Book Review: Animals Strike Curious Poses
This is KLCC. I’m Connie Bennett, Director of Eugene Public Library, with a book review of "Animals Strike Curious Poses” by Elena Passerello.
These days communication ranges the extremes, from a terse 140 character tweet to a massive undigested WikiLeaks dump. So, it was with unalloyed pleasure that I perused Corvallis writer Elena Passerello's elegant and witty "bestiary" of animal essays. Even the smooth, patterned cover and embossed endpapers are pleasing.
Passerello's award winning non-fiction gleams with the kind of intellectual curiosity that finds patterns and connections between the most unlikely things. Her seventeen chronologically arranged essays on named animals begins 39,000 years ago with Yuka the Mammoth and ends with the death of Cecil the Lion in 2015. She plays with a variety of voices, ranging from Gorilla Koko's bawdy joke to wise and intimate reflections on love by Harriet the Tortoise.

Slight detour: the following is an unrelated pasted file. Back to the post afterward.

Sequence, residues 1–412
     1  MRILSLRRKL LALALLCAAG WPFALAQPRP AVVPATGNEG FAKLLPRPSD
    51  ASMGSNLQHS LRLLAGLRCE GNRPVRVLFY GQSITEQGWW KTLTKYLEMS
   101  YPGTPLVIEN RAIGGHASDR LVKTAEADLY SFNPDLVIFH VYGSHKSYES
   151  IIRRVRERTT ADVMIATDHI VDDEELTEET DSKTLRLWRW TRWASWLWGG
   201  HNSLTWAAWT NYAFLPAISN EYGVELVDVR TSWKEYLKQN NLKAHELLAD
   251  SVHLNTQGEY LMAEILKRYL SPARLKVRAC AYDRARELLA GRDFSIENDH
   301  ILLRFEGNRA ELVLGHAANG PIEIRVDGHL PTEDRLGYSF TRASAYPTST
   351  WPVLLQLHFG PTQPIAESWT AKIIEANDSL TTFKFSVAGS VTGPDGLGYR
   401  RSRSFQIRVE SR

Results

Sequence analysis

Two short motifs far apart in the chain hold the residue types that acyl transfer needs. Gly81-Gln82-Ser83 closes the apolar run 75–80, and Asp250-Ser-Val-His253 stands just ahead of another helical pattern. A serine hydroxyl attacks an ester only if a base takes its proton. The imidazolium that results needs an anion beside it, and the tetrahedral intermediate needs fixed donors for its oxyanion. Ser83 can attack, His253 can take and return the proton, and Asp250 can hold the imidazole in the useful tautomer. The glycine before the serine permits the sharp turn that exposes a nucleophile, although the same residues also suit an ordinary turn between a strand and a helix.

One of my favorites explores connections between the assassination of President Garfield, the public's fascination with giant beasts - in this case the elephant Jumbo II - and how varied our ability to adapt to new technologies - X-rays, electricity. Another traces the influences of Albrecht Durer's fanciful engraving of the rhinoceros Ganda in understanding the interconnections of nature and art. Then there's Mozart's starling and Skylab's spider, Shakespeare's bear, and the very personal essay on Ringling's unicorn. And her well researched creative non-fiction even edges over the line into fiction in finishing the Jubilate Agno, Christopher Smart's elegy for his cat. Even the book's title shows Passerello's fondness for eclectic juxtaposition.
Immerse yourself! It's as refreshing as a shower of intellectual ice water!
This is KLCC. I’m Connie Bennett, reviewing "Animals Strike Curious Poses” by Elena Passerello.